To help ensure that Donovan was getting the right amount of calories to manage his weight, we met with a nutritionist who taught us how to use Donovan’s gastrostomy tube (G-tube) and suggested foods to feed him by mouth. Feeding therapy was also offered, so we gave it a try. Even though Donovan still has a feeding tube, we encourage him to eat by mouth.

Adapting our care team over time

As Donovan grew from an infant to a toddler, I became more and more concerned about scoliosis because of weakness in the muscles that support his spine. So we started working with an orthopedist. Over time, we added an osteopathic medicine doctor to our care team. She uses massage-like techniques to relieve muscle tightness. Between appointments we use a stander to help maintain muscle strength in Donovan’s legs and increase his range of motion.

Donovan also works with a physical therapist and an occupational therapist once a week. He saw a speech therapist but has since graduated from the program. Throughout the course of this year, we consulted with a social worker and tried other types of therapy, including aquatic (which Donovan loves), art, and music.

As Donovan grows, we will likely face new challenges. Physically, mobility will become more of an issue. We will need interventional support at school and occupational therapy will be needed to make sure he can complete certain daily tasks on his own.

The best advice

Because no one knows what the future holds, I encourage other families to use all of the services and care that are available to them now to give their child the best possible chance for their future.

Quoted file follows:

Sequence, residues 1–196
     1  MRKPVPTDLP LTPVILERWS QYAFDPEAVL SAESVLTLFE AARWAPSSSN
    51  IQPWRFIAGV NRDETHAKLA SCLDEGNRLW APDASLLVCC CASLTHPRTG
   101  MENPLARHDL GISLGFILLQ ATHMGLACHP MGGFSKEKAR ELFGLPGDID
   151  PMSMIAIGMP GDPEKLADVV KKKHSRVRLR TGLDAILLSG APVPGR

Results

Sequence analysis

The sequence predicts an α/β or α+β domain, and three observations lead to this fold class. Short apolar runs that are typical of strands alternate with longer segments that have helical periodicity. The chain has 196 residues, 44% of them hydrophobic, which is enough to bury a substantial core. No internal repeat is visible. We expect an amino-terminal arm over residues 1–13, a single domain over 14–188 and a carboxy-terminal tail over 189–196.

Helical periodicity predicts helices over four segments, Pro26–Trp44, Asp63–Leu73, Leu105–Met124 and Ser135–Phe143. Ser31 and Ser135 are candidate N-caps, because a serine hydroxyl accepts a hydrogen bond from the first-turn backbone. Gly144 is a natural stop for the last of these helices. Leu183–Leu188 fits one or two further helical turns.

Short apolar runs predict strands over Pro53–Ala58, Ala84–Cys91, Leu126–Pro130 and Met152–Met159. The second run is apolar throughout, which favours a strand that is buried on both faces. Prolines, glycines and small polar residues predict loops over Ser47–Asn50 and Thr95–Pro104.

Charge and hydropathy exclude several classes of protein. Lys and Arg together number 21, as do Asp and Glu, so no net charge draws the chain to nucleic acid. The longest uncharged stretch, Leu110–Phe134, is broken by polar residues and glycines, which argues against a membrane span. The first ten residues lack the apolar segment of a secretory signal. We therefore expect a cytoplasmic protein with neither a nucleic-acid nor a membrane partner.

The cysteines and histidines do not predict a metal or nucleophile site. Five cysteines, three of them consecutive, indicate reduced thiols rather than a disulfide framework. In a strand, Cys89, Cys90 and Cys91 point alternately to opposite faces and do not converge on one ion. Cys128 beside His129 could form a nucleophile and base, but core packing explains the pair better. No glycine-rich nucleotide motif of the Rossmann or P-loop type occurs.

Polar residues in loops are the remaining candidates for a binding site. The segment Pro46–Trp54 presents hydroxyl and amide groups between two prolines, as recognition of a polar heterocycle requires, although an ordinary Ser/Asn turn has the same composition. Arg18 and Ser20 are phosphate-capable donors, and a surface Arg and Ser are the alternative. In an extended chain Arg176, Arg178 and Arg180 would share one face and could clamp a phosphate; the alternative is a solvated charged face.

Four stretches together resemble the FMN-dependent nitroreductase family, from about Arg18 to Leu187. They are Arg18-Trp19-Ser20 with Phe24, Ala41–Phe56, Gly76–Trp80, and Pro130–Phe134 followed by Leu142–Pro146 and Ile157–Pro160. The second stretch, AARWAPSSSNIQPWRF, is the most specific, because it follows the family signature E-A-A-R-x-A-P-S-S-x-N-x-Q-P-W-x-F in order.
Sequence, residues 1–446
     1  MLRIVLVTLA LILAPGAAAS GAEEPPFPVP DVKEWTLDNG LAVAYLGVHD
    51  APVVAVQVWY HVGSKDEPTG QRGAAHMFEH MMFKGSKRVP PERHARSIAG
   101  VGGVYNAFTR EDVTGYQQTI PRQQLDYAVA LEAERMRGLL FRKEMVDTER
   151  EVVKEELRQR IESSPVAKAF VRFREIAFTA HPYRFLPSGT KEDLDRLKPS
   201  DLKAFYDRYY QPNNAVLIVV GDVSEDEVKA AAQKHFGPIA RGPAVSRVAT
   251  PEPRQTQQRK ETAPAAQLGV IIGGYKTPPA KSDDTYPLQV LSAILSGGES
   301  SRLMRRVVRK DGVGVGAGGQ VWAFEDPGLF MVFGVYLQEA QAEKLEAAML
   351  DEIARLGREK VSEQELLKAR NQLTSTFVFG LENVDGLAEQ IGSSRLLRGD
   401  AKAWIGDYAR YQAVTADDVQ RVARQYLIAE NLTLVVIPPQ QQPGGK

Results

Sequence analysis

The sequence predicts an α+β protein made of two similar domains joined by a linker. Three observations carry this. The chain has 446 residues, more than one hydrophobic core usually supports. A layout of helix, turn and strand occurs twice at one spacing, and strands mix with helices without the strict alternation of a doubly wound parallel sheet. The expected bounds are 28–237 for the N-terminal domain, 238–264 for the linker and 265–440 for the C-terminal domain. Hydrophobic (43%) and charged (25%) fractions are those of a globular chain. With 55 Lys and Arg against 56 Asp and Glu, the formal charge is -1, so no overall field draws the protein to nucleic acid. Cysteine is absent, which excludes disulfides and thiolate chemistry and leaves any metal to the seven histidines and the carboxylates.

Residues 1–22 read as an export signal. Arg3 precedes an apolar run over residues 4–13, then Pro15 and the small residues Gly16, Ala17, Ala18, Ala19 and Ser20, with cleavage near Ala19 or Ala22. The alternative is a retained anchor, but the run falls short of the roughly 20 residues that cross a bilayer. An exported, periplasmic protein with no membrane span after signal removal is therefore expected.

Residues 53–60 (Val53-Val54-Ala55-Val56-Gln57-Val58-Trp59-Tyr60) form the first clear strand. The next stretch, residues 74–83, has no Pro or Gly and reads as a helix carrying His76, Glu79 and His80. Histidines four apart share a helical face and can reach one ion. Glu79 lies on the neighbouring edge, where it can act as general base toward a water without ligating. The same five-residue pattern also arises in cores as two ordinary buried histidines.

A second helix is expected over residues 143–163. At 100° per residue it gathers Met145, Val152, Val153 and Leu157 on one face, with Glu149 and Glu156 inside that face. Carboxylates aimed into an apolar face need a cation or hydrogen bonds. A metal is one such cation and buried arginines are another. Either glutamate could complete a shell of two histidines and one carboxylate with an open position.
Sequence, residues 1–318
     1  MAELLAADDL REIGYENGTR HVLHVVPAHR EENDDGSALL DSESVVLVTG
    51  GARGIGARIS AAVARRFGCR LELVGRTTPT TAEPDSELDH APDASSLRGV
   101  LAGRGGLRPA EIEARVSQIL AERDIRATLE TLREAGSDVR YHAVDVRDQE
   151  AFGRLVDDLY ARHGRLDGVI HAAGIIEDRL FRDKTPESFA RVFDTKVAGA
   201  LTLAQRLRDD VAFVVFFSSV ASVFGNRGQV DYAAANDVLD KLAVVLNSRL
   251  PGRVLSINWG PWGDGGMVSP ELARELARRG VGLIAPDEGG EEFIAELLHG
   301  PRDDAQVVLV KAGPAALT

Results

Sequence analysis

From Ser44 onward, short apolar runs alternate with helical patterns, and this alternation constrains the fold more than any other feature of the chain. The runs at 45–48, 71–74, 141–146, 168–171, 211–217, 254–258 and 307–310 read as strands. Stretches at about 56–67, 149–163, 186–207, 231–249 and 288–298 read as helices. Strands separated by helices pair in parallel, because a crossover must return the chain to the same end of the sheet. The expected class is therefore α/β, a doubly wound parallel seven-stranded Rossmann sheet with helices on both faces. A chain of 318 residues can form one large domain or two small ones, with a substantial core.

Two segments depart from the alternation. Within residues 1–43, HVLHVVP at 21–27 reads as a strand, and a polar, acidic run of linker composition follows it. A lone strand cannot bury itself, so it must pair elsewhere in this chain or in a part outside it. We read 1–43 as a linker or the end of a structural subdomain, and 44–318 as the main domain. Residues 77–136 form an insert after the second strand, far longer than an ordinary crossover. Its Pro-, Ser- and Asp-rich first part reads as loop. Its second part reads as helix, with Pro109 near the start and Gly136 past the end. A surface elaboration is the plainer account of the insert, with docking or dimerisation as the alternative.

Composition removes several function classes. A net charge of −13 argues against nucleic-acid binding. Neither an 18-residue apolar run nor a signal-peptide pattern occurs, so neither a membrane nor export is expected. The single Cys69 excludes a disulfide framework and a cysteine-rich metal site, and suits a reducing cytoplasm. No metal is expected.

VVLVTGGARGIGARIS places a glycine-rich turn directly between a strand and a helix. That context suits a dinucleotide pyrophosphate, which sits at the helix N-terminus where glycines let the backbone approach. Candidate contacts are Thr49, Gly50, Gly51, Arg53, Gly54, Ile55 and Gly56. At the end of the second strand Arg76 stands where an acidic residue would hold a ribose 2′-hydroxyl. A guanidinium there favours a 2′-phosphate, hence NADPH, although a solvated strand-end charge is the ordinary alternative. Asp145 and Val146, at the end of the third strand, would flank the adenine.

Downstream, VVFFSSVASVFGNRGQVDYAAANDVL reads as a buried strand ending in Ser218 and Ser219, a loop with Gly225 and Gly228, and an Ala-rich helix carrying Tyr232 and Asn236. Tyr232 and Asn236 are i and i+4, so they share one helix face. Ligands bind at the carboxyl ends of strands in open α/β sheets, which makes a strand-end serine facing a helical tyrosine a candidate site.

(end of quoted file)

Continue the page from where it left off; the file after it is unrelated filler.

It may seem like a lot of people are involved, but when you’re dealing with SMA, having a lot of minds working together to solve problems, offer solutions, and suggest resources is essential.

Watch videos and learn from families who have experience with SMA at ZOLGENSMA.com.

Results and outcomes vary among children based on several factors, including how far their SMA symptoms had progressed prior to receiving treatment.

Indication and Important Safety Information for ZOLGENSMA® (onasemnogene abeparvovec-xioi)

What is ZOLGENSMA?

ZOLGENSMA is a prescription gene therapy used to treat children less than 2 years old with spinal muscular atrophy (SMA). ZOLGENSMA is given as a one-time infusion into the vein. ZOLGENSMA was not evaluated in patients with advanced SMA.

What is the most important information I should know about ZOLGENSMA?

  • ZOLGENSMA can cause acute serious liver injury. Liver enzymes could become elevated and may reflect acute serious liver injury in children who receive ZOLGENSMA.
  • Patients will receive an oral corticosteroid before and after infusion with ZOLGENSMA and will undergo regular blood tests to monitor liver function.
  • Contact the patient’s doctor immediately if the patient’s skin and/or whites of the eyes appear yellowish, or if the patient misses a dose of the corticosteroid or vomits it up.


What should I watch for before and after infusion with ZOLGENSMA?